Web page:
Keep in mind that the grade of the ball bearing should match the grade of the races. If you go with super hard balls, that may cause wear to the races. And replace all bearings, not just singles, and always replace with bearings from the same batch.


Not that I answered the OP's question, but I thought worth mentioning.
You are kidding about the same batch superstition, right?
oger (who?) writes:

> Did you know you should only ever use ball bearings from the same
> batch in one side of a race? They're not exactly the same size
> between batches. Never simply replace that naughty one that bounced
> into the corner of the garage - replace the other 10 (or whatever)
> too!

You are making this up. The tolerance between bearing balls is so
small as to be below a small fraction of the elastic compliance of the
steel bearing. Besides, the races of bicycle bearings are so rough
that a tight bearing feels lumpy. In high precision bearings used on
computer disk storage devices, preload causes a smooth viscous drag.
Even for these bearings the balls are not identical but are made to a
prescribed tolerance. I don't believe I understand what you mean by
the same batch. Each bearing is not made in the same finishing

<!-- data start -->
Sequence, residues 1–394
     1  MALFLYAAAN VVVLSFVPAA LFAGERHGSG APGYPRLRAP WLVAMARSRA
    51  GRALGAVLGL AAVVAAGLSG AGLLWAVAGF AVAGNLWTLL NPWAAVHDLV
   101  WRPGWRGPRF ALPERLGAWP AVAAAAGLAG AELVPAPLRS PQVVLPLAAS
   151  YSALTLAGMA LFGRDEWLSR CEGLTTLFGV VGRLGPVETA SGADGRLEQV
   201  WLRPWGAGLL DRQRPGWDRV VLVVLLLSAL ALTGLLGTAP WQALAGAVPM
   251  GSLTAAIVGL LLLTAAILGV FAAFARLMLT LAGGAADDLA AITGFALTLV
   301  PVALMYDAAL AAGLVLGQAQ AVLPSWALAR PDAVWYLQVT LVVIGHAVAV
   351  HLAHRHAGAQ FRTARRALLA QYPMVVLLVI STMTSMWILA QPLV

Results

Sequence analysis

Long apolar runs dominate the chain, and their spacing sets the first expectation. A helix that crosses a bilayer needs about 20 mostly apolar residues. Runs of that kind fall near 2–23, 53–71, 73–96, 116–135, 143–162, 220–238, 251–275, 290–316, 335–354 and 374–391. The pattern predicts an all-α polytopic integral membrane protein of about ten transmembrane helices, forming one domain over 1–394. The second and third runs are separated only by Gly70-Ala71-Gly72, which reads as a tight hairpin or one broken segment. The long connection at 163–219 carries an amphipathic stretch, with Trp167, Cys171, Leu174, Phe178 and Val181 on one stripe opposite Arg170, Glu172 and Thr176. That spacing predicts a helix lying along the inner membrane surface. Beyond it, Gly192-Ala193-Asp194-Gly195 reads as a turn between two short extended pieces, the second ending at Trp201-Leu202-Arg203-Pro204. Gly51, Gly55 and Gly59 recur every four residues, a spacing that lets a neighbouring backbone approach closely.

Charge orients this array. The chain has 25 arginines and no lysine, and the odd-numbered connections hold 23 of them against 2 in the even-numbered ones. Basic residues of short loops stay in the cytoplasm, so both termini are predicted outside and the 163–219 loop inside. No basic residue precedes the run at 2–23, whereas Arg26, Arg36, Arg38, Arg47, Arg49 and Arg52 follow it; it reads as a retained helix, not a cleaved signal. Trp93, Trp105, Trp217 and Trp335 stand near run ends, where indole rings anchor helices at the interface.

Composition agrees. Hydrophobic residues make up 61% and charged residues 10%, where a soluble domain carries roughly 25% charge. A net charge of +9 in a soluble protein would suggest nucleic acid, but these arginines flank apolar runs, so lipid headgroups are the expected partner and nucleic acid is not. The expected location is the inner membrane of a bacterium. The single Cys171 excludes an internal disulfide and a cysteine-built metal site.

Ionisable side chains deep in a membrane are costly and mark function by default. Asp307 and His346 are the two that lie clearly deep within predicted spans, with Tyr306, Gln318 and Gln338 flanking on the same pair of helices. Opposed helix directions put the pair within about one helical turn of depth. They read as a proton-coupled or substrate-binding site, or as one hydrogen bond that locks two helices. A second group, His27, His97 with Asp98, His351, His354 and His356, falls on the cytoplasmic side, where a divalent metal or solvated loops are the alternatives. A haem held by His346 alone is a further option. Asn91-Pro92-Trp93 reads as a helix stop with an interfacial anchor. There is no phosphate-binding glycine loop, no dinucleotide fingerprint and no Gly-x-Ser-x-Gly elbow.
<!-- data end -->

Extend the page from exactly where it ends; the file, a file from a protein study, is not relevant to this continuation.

process as the others in a shipment of balls.

Jobst Brandt <jbrandt@hpl.hp.com>
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Old 03-17-18, 10:14 AM
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FWIW, i have a Wheels manufacturing bottom bracket coming in. It has angular bearings so it cost a little more. Maybe this means it`s better? I aim to find out

https://www.bikerumor.com/2013/04/24...-install-tool/
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Old 03-17-18, 12:24 PM
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Originally Posted by TakingMyTime View Post
About 30 years ago before the internet and at a time when I had just picked up a used bike (full campy), I thought I'd become an "expert" and research and find bearings that would decrease any resistance and make me a great rider. After calling several manufacturers and told them the grade of the campy bearings (I believe 25) they ALL asked me why would I want anything better than that. From that day on, bearings have never been a concern.